HAVING been out with all the emergency services in my constituency, may I start by paying tribute to the work that they do? Behind the uniforms are incredibly brave and dedicated individuals who, regrettably, face risks that they simply should not have to face on an almost daily basis.
They routinely go above and beyond their duties to keep the public safe, yet when someone sets out deliberately to injure or assault an emergency responder, the laws in place must convey how unacceptable that is in the strongest possible terms. My new Bill sets out to do just that following my “Protect the Protectors” campaign.
To assault a police officer is to show a complete disregard for law and order, our shared values and democracy itself and that must be reflected in sentencing, particularly for those who are repeat offenders.
Many officers described feeling like they had suffered an injustice twice – first at the hands of the offender; and then again in court when sentences were unduly lenient. Official Home Office statistics suggest that there were just over 23,000 assaults on police officers last year. That is 450 a week, and it equates to an officer being assaulted every 22 minutes.
My Bill would protect not just police officers, but all blue-light emergency responders. A report published by Yorkshire Ambulance Service revealed that staff faced “violence and aggression” on a weekly basis. There was a 50 per cent increase in reported incidents of verbal and physical attacks on staff, with 606 incidents reported in 2015-16. Richard Bentley, a paramedic in Leeds, told the BBC that he had faced three serious assaults in five years. He had been bitten, head-butted and threatened with a knife.
Members of West Yorkshire Fire and Rescue Service have also reported being subject to assaults. On Bonfire Night, the service received 1,043 calls, with crews attending 265 incidents. It was disgraceful that, faced with such pressures on the busiest night of the year, firefighters in West Yorkshire were also subject to 19 attacks overnight.
The Bill would ensure that anyone who assaults an emergency service responder, doctor or nurse, and is charged with malicious wounding, grievous bodily harm, actual bodily harm or common assault, would be eligible for a tougher sentence because an assault on an emergency service worker is an assault on society.
The second aspect of the Bill aims to deal with the hideous act of spitting at emergency service workers. As well as being horrible, spitting blood and saliva at another human being can pose a very real risk of transmitting a range of infectious diseases, some with life-changing or even lethal consequences.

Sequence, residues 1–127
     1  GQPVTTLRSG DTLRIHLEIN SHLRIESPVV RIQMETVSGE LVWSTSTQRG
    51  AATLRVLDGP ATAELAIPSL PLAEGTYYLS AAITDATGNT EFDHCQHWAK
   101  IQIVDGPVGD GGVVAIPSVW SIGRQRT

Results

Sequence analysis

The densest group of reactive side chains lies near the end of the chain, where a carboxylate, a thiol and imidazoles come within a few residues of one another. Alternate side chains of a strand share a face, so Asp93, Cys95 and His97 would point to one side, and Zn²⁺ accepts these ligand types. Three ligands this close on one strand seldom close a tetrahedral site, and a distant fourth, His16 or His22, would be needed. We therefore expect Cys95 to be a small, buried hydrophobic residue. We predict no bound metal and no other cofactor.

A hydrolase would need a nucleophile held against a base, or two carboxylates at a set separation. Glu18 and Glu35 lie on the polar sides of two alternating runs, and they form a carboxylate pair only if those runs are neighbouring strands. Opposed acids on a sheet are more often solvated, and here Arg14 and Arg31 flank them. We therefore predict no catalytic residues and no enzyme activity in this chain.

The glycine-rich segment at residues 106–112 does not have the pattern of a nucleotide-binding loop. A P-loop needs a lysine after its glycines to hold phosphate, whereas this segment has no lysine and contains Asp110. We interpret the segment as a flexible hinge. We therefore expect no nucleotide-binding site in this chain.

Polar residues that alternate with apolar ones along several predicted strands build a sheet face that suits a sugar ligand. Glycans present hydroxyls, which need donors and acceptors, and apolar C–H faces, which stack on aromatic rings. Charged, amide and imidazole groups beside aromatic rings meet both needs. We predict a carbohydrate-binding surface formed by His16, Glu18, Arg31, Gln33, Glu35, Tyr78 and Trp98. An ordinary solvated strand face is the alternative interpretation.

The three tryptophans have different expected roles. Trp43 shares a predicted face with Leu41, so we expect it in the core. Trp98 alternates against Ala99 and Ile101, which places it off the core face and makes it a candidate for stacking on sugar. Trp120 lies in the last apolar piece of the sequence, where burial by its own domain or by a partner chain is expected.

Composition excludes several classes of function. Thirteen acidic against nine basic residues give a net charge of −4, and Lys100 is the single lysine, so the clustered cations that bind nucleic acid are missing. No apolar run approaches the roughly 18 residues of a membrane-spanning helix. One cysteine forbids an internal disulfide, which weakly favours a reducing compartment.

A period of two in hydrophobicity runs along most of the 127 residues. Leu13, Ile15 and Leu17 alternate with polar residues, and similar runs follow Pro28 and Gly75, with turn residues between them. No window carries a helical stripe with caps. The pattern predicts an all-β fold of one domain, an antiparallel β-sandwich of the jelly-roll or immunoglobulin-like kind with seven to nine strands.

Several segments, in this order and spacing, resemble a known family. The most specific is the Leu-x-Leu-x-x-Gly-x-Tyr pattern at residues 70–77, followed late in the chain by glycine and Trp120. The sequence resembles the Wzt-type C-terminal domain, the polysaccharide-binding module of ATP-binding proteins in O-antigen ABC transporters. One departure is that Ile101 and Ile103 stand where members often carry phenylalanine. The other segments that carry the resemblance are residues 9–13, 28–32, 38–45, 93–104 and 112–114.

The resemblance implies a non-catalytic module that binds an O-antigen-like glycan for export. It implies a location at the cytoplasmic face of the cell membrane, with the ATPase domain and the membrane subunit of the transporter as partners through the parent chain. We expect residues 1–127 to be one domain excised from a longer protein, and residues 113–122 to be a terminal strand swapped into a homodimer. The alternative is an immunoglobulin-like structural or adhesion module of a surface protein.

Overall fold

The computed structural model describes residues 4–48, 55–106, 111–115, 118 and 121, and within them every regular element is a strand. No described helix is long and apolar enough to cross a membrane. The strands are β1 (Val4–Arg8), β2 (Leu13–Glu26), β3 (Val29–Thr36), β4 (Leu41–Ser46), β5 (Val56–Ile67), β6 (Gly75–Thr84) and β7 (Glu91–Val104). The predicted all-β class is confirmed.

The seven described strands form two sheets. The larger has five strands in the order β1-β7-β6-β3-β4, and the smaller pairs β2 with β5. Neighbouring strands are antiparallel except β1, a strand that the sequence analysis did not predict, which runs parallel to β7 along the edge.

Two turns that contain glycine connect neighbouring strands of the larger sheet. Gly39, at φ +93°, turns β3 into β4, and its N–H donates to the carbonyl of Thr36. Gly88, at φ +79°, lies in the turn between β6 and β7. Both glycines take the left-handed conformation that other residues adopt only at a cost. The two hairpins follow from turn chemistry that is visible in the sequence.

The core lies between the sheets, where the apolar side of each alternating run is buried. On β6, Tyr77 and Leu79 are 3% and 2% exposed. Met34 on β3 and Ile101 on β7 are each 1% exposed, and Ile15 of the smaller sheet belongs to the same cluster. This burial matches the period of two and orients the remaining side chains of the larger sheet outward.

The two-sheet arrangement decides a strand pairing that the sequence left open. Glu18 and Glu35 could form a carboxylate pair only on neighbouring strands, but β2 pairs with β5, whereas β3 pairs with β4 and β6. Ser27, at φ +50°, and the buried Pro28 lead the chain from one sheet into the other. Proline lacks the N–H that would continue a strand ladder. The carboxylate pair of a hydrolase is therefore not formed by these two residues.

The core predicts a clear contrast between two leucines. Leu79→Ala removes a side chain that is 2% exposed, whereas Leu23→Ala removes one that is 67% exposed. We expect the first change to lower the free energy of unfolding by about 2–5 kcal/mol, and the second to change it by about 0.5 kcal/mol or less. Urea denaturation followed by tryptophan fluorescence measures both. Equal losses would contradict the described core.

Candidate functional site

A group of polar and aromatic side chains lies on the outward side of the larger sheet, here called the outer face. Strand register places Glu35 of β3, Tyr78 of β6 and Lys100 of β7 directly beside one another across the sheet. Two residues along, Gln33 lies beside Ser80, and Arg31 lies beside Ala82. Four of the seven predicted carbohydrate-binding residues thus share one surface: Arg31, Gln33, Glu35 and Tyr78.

I have met PC Mike Bruce and PC Alan O’Shea of West Midlands Police. Both officers had blood spat in their faces while trying to arrest a violent offender. They both had to undergo antiviral treatments to reduce their risk of contracting communicable diseases, and they faced a six-month wait to find out whether the treatment had been successful. During that time, PC O’Shea was advised that he could not see his brother, who was undergoing cancer treatment, because the risk of passing on an infection was too high. He was also advised not to see his parents because they were in such regular contact with his brother.
PC Bruce had a false positive result for hepatitis B, and for six months until conclusive test results came through, he was understandably reluctant to be close to his wife or children, fearing for their wellbeing.
In previous speeches I have made on the issue, I shared with MPs the story of Arina Koltsova, a police officer in Ukraine who died after contracting tuberculosis from an offender who spat at her while she was trying to arrest him. At the moment, if an emergency service worker is spat at, they can take a blood sample from an individual only if that person gives their permission. Needless to say that in the case of PC O’Shea and PC Bruce, the offender was not in a helpful mood, so they were subjected to antiviral treatments and a six-month wait.
Laws in Australia provide that refusal to give a blood sample can result in a $12,000 fine and a custodial sentence. My Bill would mean that refusing to provide a blood sample will, in itself, be a crime punishable by fine or custodial sentence. If an emergency service worker, doctor or nurse has already had to endure being spat at, this measure would hopefully save them having to endure a six-month ordeal of waiting to see if the consequences are much more serious.
As well as police officers, paramedics, firefighters, doctors and nurses are sadly also in need of these protections, yet it is worth remembering that when they find themselves under attack, it is the police who are called. I hope that this change in sentencing will go a small way towards giving these dedicated public servants the protections they should not require, but sadly do.
Holly Lynch is the Labour MP for Halifax who set out the Crime (Assaults on Emergency Services Staff) Bill in Parliament this week. This is an edited version.